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One of the Baroque period's most celebrated choral masterpieces, this Mass was Bach's last major work before he died.
Bach composed his Mass in B minor around 1748–49, a year before his death in 1750. Despite its sheer scale and grandeur, Bach didn't even give the work a name, and exists only as a collection of itinerant manuscripts.
When the work is heard in its entirety, the listener comes away with the impression that this is a piece of music the composer had been building up to writing for the whole of his life. It therefore seems ironic that much of this best-loved work was ‘bottom-drawer’ music – music that Bach had either put by earlier or recycled. The Kyrie and Gloria were written in 1733 for the Elector of Saxony at Dresden, and the Sanctus dates back to 1724. The Qui tollis dates back even later, and was most probably based on a cantata from 1714. Add a Credo and an Et incarnatus est movement, however, and the whole piece is given a new lease of life.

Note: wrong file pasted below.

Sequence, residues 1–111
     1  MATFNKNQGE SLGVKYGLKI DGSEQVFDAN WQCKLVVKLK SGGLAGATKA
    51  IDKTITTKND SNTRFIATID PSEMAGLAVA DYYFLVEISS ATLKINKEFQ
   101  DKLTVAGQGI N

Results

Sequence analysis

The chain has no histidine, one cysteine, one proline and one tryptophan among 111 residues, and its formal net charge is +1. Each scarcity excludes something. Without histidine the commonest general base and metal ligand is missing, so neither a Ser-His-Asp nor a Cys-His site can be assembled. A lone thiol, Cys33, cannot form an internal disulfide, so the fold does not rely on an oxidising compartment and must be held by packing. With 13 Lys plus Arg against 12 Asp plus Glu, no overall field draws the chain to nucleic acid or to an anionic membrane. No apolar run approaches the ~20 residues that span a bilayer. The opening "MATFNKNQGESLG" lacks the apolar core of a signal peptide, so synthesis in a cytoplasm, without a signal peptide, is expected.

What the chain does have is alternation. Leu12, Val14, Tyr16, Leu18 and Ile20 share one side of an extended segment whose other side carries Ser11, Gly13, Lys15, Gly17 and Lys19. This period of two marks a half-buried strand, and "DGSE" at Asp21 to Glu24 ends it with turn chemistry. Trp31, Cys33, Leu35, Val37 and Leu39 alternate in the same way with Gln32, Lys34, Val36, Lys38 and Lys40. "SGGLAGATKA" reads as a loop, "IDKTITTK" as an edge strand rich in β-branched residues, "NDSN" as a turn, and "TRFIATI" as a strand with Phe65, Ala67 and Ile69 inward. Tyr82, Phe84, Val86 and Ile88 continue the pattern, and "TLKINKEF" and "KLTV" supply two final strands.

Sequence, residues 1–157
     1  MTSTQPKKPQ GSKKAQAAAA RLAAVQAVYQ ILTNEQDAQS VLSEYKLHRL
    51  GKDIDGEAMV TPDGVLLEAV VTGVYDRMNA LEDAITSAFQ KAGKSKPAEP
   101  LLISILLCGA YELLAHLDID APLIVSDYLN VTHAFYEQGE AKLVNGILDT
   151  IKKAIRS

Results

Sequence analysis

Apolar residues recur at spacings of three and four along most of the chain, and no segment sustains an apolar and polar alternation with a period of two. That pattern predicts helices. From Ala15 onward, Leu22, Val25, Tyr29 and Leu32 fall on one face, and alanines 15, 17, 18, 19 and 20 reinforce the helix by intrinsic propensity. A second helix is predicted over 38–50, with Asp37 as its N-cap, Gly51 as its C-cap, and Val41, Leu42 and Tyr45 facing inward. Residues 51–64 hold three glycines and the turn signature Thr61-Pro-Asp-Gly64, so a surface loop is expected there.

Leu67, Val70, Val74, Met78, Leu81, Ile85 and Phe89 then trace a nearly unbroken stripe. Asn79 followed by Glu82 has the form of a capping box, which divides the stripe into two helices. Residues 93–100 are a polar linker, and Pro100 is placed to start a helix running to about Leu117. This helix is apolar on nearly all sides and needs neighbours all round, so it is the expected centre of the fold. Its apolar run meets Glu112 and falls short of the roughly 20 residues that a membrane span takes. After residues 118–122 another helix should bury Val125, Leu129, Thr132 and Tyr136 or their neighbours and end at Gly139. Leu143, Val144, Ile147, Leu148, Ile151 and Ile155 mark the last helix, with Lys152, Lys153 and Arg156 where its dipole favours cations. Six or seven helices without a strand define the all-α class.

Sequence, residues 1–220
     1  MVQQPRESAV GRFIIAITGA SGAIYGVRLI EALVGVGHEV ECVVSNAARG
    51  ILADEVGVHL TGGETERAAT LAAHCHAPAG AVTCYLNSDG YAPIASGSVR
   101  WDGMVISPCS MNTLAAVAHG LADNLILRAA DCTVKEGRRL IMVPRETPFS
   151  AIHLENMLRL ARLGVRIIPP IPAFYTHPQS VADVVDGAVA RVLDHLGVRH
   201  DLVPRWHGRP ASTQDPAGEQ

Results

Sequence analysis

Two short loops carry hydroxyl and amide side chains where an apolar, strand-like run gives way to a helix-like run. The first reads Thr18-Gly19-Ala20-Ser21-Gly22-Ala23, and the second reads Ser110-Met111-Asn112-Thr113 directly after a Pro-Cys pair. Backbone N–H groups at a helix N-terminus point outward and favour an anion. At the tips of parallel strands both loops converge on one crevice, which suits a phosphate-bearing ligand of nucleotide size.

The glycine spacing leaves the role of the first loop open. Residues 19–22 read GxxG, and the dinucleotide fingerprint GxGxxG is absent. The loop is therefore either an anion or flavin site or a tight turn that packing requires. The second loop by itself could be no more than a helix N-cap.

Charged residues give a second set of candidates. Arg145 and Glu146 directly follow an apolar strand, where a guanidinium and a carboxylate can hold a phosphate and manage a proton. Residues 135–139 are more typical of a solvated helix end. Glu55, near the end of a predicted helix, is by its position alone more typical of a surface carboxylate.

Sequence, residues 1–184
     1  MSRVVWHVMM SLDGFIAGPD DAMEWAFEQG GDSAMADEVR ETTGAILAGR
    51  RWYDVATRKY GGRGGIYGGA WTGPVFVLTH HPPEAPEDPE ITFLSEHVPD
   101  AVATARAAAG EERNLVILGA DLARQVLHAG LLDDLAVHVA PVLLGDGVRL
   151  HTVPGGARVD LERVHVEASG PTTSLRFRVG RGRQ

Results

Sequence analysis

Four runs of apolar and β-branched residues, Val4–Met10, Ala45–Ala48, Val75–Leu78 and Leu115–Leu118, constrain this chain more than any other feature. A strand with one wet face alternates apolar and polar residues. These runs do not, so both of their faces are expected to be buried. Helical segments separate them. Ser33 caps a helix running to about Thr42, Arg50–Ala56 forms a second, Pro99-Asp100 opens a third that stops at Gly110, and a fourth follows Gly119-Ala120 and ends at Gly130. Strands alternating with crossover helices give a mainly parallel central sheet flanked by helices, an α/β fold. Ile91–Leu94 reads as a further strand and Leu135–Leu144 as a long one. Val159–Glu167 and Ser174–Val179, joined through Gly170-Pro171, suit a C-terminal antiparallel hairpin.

The work's magnificence is evident from the opening bars of the Kyrie, which begins with a mighty five-part setting of the words, followed by a weighty fugue, but the work is as diverse as it is long. The beautiful flighty soprano solo in the Laudamus te, coupled with a violin, is an outpouring of musical religious fervour.
Bach never heard the Mass performed in its entirety; in fact, it was not until 1859, more than a century after Bach died, that the entire work was performed at a single sitting.